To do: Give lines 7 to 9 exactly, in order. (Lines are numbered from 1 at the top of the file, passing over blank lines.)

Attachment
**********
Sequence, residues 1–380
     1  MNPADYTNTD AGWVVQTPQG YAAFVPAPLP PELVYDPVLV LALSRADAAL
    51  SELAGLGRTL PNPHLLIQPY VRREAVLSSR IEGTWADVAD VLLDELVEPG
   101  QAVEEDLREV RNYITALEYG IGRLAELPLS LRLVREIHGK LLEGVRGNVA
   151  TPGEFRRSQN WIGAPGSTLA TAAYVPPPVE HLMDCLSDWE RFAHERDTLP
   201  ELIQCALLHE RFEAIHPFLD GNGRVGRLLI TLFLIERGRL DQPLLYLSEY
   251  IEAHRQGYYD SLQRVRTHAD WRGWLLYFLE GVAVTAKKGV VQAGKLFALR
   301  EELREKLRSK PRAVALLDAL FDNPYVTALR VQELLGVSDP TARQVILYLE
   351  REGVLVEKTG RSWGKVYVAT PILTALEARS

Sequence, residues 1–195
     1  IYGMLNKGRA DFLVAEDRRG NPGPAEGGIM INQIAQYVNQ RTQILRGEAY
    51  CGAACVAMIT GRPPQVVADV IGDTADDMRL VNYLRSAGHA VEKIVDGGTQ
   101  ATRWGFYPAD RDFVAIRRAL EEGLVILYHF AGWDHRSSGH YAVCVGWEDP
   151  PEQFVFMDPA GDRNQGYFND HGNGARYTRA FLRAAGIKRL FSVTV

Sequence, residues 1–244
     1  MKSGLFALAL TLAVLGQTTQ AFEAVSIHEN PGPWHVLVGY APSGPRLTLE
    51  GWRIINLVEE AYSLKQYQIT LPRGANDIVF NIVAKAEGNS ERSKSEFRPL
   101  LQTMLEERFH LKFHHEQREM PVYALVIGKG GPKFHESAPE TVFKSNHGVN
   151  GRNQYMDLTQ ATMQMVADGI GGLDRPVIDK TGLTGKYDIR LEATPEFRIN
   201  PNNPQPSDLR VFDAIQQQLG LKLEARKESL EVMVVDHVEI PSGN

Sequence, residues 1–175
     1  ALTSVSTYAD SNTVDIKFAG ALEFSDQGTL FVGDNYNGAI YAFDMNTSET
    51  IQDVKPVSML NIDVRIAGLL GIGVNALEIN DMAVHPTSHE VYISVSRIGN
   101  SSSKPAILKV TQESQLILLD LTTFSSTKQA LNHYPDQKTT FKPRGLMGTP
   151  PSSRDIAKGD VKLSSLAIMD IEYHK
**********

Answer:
   251  IEAHRQGYYD SLQRVRTHAD WRGWLLYFLE GVAVTAKKGV VQAGKLFALR
   301  EELREKLRSK PRAVALLDAL FDNPYVTALR VQELLGVSDP TARQVILYLE
   351  REGVLVEKTG RSWGKVYVAT PILTALEARS